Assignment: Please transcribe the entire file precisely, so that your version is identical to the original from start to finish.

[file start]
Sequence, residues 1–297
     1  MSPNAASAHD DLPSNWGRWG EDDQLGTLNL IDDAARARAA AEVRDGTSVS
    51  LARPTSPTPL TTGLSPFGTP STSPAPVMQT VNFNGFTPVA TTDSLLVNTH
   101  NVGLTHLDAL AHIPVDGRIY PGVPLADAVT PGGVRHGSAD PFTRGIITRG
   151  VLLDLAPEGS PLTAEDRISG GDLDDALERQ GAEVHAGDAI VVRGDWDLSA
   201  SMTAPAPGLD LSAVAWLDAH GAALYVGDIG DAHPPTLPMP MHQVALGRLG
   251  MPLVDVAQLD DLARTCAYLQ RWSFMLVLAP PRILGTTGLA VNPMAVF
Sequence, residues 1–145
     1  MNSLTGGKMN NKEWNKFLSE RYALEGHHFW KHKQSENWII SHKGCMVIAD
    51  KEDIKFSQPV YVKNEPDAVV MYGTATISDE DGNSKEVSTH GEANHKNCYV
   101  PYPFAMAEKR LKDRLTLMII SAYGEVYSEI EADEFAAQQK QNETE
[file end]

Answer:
Sequence, residues 1–297
     1  MSPNAASAHD DLPSNWGRWG EDDQLGTLNL IDDAARARAA AEVRDGTSVS
    51  LARPTSPTPL TTGLSPFGTP STSPAPVMQT VNFNGFTPVA TTDSLLVNTH
   101  NVGLTHLDAL AHIPVDGRIY PGVPLADAVT PGGVRHGSAD PFTRGIITRG
   151  VLLDLAPEGS PLTAEDRISG GDLDDALERQ GAEVHAGDAI VVRGDWDLSA
   201  SMTAPAPGLD LSAVAWLDAH GAALYVGDIG DAHPPTLPMP MHQVALGRLG
   251  MPLVDVAQLD DLARTCAYLQ RWSFMLVLAP PRILGTTGLA VNPMAVF
Sequence, residues 1–145
     1  MNSLTGGKMN NKEWNKFLSE RYALEGHHFW KHKQSENWII SHKGCMVIAD
    51  KEDIKFSQPV YVKNEPDAVV MYGTATISDE DGNSKEVSTH GEANHKNCYV
   101  PYPFAMAEKR LKDRLTLMII SAYGEVYSEI EADEFAAQQK QNETE